There was a sense of déjà vu in the markets today with First National Bank’s latest deposit woes causing traders to wonder whether it too will suffer the same ultimate face of other regional banks before it such as SVB. But while the markets got the jitters on renewed banking crisis fears, so far such troubles look to be confined to the regional level banks rather than affecting the bigger names in the US banking sector if earnings season thus far is anything to go by.
With the Dow off 1% and the Nasdaq shedding nearly 2%, caution was the order of the day across Asian markets as traders not only digest the latest corporate earnings but also some key upcoming macro data this week in the form of GDP and core PCE, both of which could have a bearing on which tone the Fed takes at its policy meeting next week.
The general market mood did get a reprieve in the form of pleasing earnings results from Microsoft and Alphabet and this saw US futures ticking higher. The two tech giants reported results after the US closing bell, and gains in the cloud side of each company was a key driver of the forecast-beating results. However, it wasn’t all good news on the earnings front, with the UPS earnings miss and sales drop reminding traders that questions remain over the health of the consumer sector.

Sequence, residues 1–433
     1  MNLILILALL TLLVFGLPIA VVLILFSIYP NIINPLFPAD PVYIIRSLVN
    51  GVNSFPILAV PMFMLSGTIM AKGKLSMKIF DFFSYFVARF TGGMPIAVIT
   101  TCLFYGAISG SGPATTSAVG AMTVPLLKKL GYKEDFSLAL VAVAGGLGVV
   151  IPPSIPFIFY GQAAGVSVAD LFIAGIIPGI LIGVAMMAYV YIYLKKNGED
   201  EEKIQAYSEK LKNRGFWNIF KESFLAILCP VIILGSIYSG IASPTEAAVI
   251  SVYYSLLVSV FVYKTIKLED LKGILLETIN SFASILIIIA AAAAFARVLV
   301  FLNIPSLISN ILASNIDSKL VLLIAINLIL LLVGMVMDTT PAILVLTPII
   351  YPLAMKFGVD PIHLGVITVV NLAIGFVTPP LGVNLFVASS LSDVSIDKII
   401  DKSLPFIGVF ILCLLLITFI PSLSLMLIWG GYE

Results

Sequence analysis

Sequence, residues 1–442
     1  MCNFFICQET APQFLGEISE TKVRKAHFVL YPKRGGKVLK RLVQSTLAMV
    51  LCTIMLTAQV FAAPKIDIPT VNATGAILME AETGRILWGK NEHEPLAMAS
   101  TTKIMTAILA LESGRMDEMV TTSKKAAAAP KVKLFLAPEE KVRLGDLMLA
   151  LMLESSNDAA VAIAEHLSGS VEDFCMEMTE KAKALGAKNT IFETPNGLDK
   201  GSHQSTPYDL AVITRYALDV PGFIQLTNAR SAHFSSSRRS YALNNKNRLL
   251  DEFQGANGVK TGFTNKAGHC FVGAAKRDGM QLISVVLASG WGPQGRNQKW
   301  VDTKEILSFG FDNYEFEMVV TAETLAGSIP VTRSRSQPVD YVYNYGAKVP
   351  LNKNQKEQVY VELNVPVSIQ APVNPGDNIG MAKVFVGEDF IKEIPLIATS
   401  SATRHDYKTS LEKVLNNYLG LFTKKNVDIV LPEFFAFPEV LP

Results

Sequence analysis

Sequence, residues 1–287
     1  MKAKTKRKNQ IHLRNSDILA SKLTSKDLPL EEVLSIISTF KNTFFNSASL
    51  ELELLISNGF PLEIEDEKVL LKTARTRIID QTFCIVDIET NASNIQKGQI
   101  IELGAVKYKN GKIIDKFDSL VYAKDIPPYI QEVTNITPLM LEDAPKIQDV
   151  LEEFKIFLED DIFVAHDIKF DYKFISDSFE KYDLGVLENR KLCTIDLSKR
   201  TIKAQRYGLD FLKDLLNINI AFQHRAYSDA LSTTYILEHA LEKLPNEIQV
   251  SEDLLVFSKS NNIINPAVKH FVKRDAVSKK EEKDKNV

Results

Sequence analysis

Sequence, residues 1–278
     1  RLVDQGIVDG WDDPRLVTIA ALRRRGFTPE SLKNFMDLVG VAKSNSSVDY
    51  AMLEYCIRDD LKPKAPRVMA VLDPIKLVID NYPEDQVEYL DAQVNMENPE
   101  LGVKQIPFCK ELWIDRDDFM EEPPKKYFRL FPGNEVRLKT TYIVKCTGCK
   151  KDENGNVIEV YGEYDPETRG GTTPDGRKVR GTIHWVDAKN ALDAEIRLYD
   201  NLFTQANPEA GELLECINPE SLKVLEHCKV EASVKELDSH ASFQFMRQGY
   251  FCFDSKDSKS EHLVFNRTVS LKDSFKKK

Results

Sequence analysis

With banking woes again at the forefront of traders’ minds, the USD, Yen and gold all received good buying flows as part of a safe-haven play. Meanwhile, US treasury yields took a dive on the banking sector headlines as well as some less-than-stellar US economic data (US consumer confidence fell to a 9-month low, US Richmond Fed Manufacturing Index also dropped). While the FOMC is still expected to hike next week, recent events (First National Bank, macro data) have opened the door for Fed Chairman Powell to possibly adopt a more dovish tone regarding the future interest rate outlook.
A softer read on Australian inflation today saw the Aussie Dollar take a step back. The currency had already been under the pump from the risk-off sentiment that prevailed across markets, with traders favouring safe-haven assets rather than the higher-risk AUD. The CPI came in at 7% y/y and 1.4% for the quarter, which both represented an easing. But with inflation still well above the RBA’s target band, it remains to be seen if this latest inflation dip is enough for the central bank to continue their rate pause next week.
Overall, if banking sector dramas persist and recession fears keep rearing up, we could be in for a particularly choppy-looking trading period ahead of key rate decisions from central banks around the globe next week. If we happen to see interest rate hikes occurring against the backdrop of renewed global growth concerns, this scenario would be less-than-ideal for risk appetite to say the least.